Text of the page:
Click on the link here for Audio Player – NPR – Day To Day program – Madeleine Brand talks with Philip Seymour Hoffman – September 26, 2005 – NPR
When I heard the news this morning of the passing of Philip Seymour Hoffman, I was struck by a sadness that, a talented actor, in the prime of his life and at the peak of his career would be taken so young. But the sadness soon turned to anger when it was learned Hoffman had allegedly died from a drug overdose. I could only think what an unbearable waste, what a terrible and unnecessary tragedy had just happened.
Hoffman had been battling addiction and was, for some 23 years sober, until 2012. But time means nothing when the disease is with you forever. And Hoffman, as so many do, no doubt convinced himself, openly or secretly, that he really wasn’t an addict, didn’t have a problem, could “handle it”, and pretend his years of sobriety amounted to very little. And besides, he could slip and come back and all would be good with the world. Well, when sobriety means having only one day at a day, the concept of years means only a number. And so, it’s your head that tells you its okay, the excesses of youth (Hoffman had gotten sober in his 20s) were a thing of the past, the success and maturity would make it all different – all different this time.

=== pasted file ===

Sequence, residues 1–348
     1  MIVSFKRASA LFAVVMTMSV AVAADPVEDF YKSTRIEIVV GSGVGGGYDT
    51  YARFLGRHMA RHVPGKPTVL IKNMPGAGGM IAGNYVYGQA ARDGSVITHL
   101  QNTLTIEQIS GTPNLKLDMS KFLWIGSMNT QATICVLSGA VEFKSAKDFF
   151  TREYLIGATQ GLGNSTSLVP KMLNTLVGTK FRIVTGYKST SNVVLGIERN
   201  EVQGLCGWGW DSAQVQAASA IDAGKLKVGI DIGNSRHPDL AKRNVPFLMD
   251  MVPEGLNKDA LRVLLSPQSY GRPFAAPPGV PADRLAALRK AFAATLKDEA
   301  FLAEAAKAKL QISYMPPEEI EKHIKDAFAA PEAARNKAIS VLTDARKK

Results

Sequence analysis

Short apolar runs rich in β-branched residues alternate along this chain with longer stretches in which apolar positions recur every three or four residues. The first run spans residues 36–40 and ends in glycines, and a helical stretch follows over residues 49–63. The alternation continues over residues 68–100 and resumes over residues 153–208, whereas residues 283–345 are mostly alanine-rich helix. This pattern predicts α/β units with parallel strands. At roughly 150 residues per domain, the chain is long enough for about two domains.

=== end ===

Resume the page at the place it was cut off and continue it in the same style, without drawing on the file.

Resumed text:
But it never is.
And so the world has one less talent, one less shining light, one less father, one less significant other. And all we can do is shake our heads and wonder when people will learn they are not indestructible and not above anything and that these addictions will kill us as sure as any determined bullet.
I wish it wasn’t so, but it has taken too many talents and too many good friends to be considered otherwise.